Of all the insiders involved in the deal, Pincus made the most money, netting around $200 million from the sale. Overall, the stock dump generated around $516 million dollars for those who decided to get rid of the stock. Eight other individuals apparently made off with eight-figure paydays, as well.
Doug Anmouth, analyst at J.P. Morgan said in Wall Street Journal interview that "Facebook's promotional changes are likely to negatively impact Zynga for multiple quarters," adding "the only near-term positive catalysts are likely to include potential share buyback and strategic opportunities." The promotional changes are likely in response to the decline in social and casual gaming.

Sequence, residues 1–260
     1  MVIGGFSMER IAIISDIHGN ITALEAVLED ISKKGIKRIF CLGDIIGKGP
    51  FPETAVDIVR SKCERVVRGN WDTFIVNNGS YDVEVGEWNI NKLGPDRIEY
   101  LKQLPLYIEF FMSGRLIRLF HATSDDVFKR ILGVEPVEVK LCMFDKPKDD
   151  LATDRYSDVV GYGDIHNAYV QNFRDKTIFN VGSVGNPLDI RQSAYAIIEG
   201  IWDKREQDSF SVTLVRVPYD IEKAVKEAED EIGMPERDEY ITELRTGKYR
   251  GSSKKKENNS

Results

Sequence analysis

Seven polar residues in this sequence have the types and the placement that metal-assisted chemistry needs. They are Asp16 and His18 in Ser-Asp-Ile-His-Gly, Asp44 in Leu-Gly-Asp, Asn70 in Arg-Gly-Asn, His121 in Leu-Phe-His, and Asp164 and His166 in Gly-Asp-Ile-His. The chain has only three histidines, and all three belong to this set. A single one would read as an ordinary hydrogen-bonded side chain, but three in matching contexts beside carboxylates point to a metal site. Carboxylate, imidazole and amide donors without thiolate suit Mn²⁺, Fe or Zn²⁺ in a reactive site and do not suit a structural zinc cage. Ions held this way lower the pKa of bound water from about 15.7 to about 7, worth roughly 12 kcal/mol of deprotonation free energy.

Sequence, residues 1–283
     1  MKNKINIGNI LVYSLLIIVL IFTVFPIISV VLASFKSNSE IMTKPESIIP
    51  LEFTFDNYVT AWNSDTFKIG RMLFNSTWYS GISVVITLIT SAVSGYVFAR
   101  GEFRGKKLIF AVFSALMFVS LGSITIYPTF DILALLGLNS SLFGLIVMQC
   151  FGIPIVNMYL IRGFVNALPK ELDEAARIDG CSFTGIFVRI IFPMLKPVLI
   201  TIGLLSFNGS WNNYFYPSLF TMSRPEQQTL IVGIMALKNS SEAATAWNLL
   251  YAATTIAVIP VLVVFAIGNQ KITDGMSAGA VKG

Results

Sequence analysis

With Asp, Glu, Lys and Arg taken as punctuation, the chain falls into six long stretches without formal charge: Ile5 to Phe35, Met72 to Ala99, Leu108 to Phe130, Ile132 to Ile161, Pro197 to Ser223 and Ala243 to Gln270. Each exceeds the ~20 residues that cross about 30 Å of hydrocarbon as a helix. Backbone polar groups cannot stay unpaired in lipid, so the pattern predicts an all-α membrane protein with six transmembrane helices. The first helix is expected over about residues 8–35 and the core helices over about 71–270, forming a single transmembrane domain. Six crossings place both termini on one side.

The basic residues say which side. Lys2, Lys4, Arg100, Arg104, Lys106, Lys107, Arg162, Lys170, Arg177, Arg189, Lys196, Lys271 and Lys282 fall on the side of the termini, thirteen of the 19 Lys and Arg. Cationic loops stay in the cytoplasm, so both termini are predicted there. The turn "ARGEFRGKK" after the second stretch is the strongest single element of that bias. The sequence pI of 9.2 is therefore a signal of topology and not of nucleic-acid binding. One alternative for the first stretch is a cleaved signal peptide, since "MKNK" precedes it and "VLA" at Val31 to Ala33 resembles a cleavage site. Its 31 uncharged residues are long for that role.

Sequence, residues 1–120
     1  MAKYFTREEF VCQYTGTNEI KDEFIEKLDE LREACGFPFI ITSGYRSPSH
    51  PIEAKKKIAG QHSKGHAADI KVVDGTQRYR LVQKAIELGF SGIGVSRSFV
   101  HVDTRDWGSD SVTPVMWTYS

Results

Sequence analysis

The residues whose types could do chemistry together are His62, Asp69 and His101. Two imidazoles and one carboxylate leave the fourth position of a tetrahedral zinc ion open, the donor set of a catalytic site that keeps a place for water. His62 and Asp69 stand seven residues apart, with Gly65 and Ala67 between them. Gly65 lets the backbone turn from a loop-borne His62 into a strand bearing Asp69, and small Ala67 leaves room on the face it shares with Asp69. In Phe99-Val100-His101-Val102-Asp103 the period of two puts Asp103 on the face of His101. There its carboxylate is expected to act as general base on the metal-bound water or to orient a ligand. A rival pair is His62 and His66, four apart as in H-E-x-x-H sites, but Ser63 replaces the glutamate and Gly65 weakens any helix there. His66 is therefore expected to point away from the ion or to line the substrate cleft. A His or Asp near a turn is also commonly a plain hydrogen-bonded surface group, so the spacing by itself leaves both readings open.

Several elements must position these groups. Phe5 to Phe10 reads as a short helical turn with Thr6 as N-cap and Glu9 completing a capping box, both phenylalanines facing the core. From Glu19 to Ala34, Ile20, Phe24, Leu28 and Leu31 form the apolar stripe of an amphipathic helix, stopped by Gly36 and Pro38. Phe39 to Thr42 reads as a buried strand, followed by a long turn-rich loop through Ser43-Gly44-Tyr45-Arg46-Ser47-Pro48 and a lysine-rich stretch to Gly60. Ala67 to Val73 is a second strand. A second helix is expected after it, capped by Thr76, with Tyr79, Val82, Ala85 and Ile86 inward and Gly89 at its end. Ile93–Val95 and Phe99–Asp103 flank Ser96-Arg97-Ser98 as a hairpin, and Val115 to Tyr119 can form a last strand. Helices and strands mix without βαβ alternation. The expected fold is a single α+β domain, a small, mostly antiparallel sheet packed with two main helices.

With Zynga struggling over the past few financial quarters, news that the CEO and others dropped their stock at $12 a share before it dropped to $3, has caught the gaming industry's eye. While the social gaming market has seen a steep decline over the past few months, mobile gaming remains solid, with games like "Draw Something" and "Words With Friends" (both Zynga properties) still averaging millions of players a day. The revenue generated by those games has seen a decline, even though users still log on and play, day to day, according to the Wall Street Journal. This decline has also impacted Facebook, which generates revenue from social gaming developers, as well, with Zynga chief among them.